I have read some stuff on Inflation recently, and in one of the papers the author talks about how the galaxy looks the same on opposite sides of the horizon. My question is; what the hell is he talking about? Is there some dividing line in the middle of the sky , or something?
If you’re talking about what I think you’re talking about, scientists looked in a bunch of directions, and they always saw the same thing. So you can pick any dividing line you want, and the universe will look the same on both sides.
Since the universe is a certain finite age, about 15 billion years at current estimates, we can’t see anything that is more then 15 billion light years away, as the light traveling from it will not have reached us yet. Thus the observable universe forms a sphere with a radius equal to the age of the universe times the speed of light, around the observer. The line that seperates us from the observable universe is what cosmologists usually mean when they refer to a “horizon”.
Since the universe is a certain finite age, about 15 billion years at current estimates, we can’t see anything that is more then 15 billion light years away, as light traveling from this distance will not have reached us yet. Thus the observable universe forms a sphere with a radius equal to the age of the universe times the speed of light, around the observer. The line that seperates the observable universe from the unobservable universe is what cosmologists usually mean when they refer to a “horizon”.
Then, if a person says that the Universe (not the Galaxy, which is much, much smaller) looks the same on the other side of the horizon, it means that there’s nothing special about that boundary, as far as the Universe as a whole is concerned, and we just think it’s special because of the way we see it. Someone on the other side wouldn’t see the exact same things that we see, but they’d see about the same sort of distribution of galaxies and such, and their very own horizon around it all.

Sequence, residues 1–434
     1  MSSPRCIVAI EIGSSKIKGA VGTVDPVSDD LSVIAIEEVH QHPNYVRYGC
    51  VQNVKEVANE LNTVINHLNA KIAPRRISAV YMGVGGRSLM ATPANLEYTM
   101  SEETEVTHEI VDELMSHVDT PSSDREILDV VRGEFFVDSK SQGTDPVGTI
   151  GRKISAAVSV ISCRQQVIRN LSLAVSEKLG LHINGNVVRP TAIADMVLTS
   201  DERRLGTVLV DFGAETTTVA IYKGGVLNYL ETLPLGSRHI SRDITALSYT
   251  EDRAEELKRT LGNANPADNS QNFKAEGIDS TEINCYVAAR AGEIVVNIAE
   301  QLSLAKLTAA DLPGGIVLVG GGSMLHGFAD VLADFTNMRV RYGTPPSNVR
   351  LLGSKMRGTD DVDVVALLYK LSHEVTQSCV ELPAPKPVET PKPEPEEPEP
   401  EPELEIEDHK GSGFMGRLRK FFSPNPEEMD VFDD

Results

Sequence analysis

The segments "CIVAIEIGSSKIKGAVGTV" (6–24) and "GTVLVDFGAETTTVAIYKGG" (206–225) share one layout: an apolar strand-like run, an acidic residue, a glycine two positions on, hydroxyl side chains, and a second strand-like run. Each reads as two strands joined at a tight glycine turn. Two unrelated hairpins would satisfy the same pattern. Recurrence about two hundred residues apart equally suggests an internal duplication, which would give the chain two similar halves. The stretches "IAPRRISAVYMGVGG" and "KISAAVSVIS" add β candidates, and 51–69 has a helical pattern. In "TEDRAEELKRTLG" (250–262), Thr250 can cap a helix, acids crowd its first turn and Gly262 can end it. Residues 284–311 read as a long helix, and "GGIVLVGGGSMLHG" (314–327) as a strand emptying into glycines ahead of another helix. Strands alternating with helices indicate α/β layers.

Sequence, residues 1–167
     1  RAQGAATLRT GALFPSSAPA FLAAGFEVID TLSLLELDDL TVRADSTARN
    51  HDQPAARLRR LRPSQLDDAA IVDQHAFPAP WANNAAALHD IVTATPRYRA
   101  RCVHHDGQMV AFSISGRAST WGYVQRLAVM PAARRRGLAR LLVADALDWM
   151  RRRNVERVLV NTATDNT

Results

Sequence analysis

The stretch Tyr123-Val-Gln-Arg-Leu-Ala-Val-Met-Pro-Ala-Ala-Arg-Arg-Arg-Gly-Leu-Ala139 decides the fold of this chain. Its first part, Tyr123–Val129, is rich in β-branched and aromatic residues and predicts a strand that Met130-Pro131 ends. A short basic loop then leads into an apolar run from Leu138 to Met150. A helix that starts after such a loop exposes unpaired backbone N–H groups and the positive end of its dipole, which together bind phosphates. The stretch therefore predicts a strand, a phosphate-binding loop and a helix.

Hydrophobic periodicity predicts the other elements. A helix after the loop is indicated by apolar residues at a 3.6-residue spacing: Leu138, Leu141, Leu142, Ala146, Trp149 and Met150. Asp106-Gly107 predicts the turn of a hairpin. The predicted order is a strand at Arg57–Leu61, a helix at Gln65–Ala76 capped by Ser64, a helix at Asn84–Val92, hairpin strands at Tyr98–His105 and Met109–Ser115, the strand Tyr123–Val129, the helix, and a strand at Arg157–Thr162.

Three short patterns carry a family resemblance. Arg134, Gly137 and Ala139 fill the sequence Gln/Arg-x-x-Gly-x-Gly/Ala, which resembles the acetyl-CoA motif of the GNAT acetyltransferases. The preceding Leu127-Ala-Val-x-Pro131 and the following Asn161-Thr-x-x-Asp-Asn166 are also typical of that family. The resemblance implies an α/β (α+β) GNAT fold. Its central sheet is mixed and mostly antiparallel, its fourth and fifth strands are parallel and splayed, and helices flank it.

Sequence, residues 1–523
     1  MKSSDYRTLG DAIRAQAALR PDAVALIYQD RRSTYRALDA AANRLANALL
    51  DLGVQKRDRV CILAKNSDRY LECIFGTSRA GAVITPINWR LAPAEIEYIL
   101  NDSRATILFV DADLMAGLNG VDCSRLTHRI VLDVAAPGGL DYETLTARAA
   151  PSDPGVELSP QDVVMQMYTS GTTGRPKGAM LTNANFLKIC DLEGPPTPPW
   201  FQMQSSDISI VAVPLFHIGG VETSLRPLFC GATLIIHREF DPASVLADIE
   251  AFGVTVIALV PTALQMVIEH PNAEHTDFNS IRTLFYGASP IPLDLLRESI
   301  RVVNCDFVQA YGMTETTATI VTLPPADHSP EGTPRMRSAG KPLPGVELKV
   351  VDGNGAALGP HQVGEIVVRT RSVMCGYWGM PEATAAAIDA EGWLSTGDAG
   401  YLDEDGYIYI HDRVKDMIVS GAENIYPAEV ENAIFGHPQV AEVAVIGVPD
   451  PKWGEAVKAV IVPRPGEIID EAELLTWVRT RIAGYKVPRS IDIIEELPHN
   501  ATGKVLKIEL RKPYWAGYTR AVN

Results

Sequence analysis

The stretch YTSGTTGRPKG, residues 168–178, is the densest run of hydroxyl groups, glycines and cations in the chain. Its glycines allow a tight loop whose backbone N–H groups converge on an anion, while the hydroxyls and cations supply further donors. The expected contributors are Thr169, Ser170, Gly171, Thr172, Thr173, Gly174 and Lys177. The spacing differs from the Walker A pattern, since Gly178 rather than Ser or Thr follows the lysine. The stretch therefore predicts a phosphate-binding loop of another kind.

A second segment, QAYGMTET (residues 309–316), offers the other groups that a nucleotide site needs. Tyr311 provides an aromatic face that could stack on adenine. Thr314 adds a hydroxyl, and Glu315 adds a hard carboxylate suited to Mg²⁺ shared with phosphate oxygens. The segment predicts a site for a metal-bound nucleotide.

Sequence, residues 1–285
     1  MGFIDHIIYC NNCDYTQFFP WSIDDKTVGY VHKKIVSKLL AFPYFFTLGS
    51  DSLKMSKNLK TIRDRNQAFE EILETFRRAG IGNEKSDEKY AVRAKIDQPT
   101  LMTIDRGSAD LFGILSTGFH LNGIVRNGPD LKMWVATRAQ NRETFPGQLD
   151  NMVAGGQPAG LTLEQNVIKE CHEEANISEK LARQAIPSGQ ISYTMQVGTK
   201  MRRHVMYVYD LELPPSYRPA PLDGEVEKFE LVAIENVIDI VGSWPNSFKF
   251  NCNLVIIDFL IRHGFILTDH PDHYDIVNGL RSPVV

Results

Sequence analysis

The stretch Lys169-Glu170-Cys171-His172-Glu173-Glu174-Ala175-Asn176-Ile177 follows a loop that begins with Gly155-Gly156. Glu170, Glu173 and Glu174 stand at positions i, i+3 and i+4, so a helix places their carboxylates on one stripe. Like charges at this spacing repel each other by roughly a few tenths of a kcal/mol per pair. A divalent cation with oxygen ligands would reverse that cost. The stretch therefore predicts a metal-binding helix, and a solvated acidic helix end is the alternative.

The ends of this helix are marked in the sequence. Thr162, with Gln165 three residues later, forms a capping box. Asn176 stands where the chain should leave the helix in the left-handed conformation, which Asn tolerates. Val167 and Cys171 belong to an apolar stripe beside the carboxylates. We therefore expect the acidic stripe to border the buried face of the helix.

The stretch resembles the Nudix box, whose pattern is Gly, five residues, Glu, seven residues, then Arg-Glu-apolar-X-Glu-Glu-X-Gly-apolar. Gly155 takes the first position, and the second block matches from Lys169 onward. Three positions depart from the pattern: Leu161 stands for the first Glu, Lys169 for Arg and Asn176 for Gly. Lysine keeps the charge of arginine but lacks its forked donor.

First of all, I am not an astronomer.
I am not sure what you are referring to, but I notice that you said the galaxy looks the same no matter where we look. I suspect that is not correct–after all, we have been able to resolve the shape of our galaxy, and know that we reside in one of the spiral arms. So the galaxy definitely does not look the same if we look in different directions.
On the topic of the Universe, things are a little tricky. The most important thing to keep in mind is that all these discussions involve the visible Universe. Who knows what lies beyond? We can’t even be sure space and time are viable concepts out there.
The Universe is generally accepted as being between 10 and 20 billion years old. 15 billion years is a popular number among many scientists.
The Big Bang is easily explained. The Big Bang states that the Universe began at a single point and expanded outwards (in other words, the most powerful explosion ever).
If you look at the Universe in any given direction, yes, it does look the same. More or less anyway, since there is some debate about galactic clusters. The Universe has the same temperature, density, and appearance, and we therefore say it is homegenous.
Inflation goes hand in hand with the Big Bang, and is the concept used to explain why the Universe is homogenous. At one time, the story of inflation goes, our visible Universe expanded very rapidly from a smaller size. The result is that the same attributes (temperature and density) were reatined throughout the Universe in spite of the incredible distances from one edge of the visible Universe to the other (this is also strong evidence for the Big Bang).
Unfortunately things get really complicated here. If the furthest objects (like Quasars) we can see are 15 billion light years away, and therefore 15 billion years old, here’s a few questions that bother me:
- where the heck are they now?? In 15 billion years, they could have ended up anywhere, and our Universe could actually be vastly bigger than we suspect.
The objects next to the horizon are 15 billion years old, and 15 billion light years away. Since the Big Bang postulates that all matter and energy resided in one single point:
how fast did those objects cover the distance?? They didn’t magically appear on the border of the visible Universe, so how did they get there and how quickly?
Were they or were they not moving at the speed of light?
If they were moving at the speed of light during inflation, and they are 15 billion light years away, and their light has taken 15 billion light years to reach us, and the objects had to somehow cover 15 billion light years BEFORE they got to where they were 15 billion years ago, then perhaps these objects are actually 30 billion years old (15 billion light years away, plus an observable distance of 15 billion light years away). If they were moving at a much lower velocity the Universe must be older.
It’s enough to give a non-astronomer a headache.